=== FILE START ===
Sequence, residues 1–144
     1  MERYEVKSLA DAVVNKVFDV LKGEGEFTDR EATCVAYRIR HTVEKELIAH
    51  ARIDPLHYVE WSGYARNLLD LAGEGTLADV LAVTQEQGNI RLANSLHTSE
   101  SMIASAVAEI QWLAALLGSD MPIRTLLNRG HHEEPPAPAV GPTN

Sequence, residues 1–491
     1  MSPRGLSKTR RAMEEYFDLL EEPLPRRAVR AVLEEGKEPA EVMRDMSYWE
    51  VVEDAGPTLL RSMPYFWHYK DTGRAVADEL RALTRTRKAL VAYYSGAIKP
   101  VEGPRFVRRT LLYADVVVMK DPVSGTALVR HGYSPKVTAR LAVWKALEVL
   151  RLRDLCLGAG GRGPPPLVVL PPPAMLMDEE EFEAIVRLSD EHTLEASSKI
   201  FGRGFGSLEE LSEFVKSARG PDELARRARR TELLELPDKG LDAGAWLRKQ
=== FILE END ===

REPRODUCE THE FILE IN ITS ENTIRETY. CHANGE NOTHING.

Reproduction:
Sequence, residues 1–144
     1  MERYEVKSLA DAVVNKVFDV LKGEGEFTDR EATCVAYRIR HTVEKELIAH
    51  ARIDPLHYVE WSGYARNLLD LAGEGTLADV LAVTQEQGNI RLANSLHTSE
   101  SMIASAVAEI QWLAALLGSD MPIRTLLNRG HHEEPPAPAV GPTN

Sequence, residues 1–491
     1  MSPRGLSKTR RAMEEYFDLL EEPLPRRAVR AVLEEGKEPA EVMRDMSYWE
    51  VVEDAGPTLL RSMPYFWHYK DTGRAVADEL RALTRTRKAL VAYYSGAIKP
   101  VEGPRFVRRT LLYADVVVMK DPVSGTALVR HGYSPKVTAR LAVWKALEVL
   151  RLRDLCLGAG GRGPPPLVVL PPPAMLMDEE EFEAIVRLSD EHTLEASSKI
   201  FGRGFGSLEE LSEFVKSARG PDELARRARR TELLELPDKG LDAGAWLRKQ